You need to give back to yourself. If you don’t, you will begin to grow and hold resentment. (Like I hear this listener saying.) And don’t get me wrong, resentment isn’t necessarily a bad thing. It’s a signal telling you that you have needs that need to be met. Don’t feel shame if you end up feeling resentful. It’s what you do with those feelings that matter.

Mom Burn Out

My solution to this is having days off as parents. Both parents – not just one. It is equal. My husband and I take one day off every other weekend. It has saved my sanity. In my article on How to Survive Solo Parenting, I talked about all of the tips and tricks that saved me during a season of solo parenting.

My husband was away at military training and I didn’t have any breaks. No time to myself or my hobbies. And no support system near me. My mental health, parenting ability, and overall happiness tanked.

When my husband got back home and I could get into the routine of caring for myself, investing in my hobbies again, and just meeting my own needs in general… It reminded me how important that is. And how important it is for our partners as well. Just like we want them to support our mental health, we need to be returning that favor and supporting theirs.

Tips for An Overwhelmed Mom

My first piece of advice when it comes to days off is to have them scheduled. It may seem silly at first. I know not everyone is all about schedules. But it gives us a clear idea of what to expect from our partner. And when to look forward to doing our own thing.

This really helps me when I’m starting to feel like a burnt-out and overwhelmed mom myself. Knowing I have just 3 days until I get a full day off is just amazing.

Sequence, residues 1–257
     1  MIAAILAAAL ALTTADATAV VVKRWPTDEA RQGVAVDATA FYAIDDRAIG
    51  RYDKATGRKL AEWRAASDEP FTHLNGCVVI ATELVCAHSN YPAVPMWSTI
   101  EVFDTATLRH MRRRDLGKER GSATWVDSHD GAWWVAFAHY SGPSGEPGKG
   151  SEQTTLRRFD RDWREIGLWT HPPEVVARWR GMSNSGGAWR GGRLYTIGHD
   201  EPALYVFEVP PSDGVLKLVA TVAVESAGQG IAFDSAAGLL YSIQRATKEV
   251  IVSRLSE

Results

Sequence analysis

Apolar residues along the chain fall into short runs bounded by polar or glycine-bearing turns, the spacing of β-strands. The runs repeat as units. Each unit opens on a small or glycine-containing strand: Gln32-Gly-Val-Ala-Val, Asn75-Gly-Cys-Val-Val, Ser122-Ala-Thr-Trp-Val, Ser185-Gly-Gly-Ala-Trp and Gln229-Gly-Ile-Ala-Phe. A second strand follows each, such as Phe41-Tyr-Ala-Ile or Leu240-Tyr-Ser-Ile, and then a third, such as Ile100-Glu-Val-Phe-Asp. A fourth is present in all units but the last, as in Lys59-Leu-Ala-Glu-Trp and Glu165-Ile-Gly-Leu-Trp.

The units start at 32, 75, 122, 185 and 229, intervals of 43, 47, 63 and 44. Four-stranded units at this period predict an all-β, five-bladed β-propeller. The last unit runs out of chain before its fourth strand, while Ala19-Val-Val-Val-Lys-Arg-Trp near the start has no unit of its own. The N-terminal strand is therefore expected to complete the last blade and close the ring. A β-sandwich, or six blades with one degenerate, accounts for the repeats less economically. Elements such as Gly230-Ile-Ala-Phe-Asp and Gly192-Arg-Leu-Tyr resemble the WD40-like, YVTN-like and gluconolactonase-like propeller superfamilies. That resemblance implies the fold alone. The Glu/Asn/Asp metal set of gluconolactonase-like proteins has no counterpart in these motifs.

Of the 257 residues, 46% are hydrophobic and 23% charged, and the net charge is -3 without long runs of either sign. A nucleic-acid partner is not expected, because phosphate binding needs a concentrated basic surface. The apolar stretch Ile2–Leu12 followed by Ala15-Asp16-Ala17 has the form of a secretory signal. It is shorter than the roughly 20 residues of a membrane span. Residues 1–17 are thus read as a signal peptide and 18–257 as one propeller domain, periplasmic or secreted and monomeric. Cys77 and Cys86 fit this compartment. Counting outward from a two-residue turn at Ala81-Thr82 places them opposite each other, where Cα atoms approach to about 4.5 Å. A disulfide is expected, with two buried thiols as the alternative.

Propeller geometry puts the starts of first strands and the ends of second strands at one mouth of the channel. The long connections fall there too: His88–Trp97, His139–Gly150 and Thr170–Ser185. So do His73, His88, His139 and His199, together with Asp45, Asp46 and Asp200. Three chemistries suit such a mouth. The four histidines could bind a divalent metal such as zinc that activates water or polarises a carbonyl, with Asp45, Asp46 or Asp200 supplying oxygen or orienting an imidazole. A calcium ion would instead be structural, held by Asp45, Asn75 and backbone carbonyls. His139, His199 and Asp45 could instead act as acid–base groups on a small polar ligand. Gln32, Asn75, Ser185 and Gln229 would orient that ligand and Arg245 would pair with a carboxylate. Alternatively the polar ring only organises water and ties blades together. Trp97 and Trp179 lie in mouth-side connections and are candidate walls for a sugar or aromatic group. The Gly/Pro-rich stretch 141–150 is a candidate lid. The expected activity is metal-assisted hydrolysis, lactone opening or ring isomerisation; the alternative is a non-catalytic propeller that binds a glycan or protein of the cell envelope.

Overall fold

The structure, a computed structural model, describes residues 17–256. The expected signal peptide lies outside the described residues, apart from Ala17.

Breaktime for Moms

And when that time comes, you can do whatever you want. You can spend time with your partner or kids if you want. Or you can leave the house. You can focus on yourself, take long baths, do yoga, or take a nap. Binge-watch Netflix all day – no shame.

I do what I enjoy the most – this. I spend my day recording podcasts, filming TikToks, and scheduling all of my social media posts. Even though it’s my work, it doesn’t feel like work. I get up slowly and take a long and luxurious shower. Blast music and dance around. Spend time getting ready and really caring for myself.

It helps me show up as my best self. Fills my cup for the next two weeks – until my next day off.

The Importance of Hobbies in Motherhood

I have my own hobbies and passions that I enjoy being able to focus on. And my partner does as well. He has lots of other hobbies that I love to encourage. Like photography, fishing, playing sports, and gaming.

All of these things are beautiful to encourage in your partners – in moderation, of course. And with very clear expectations. Hobbies are encouraged and supported but never come first during important moments.

Resentment in Marriage

Feeling Resentment in Marriage

So now that we’ve decided that this would be a very healthy thing to implement into our relationships, let’s talk about how to talk about it. Going back to the listener’s question, I saw that they had mentioned not wanting to talk to their husband about their resentment because they didn’t want to make him feel bad.

But you shouldn’t set aside your own true needs and deep feelings just to protect someone else’s feelings. That is their experience and their responsibility – not yours.

Getting Breaks in Motherhood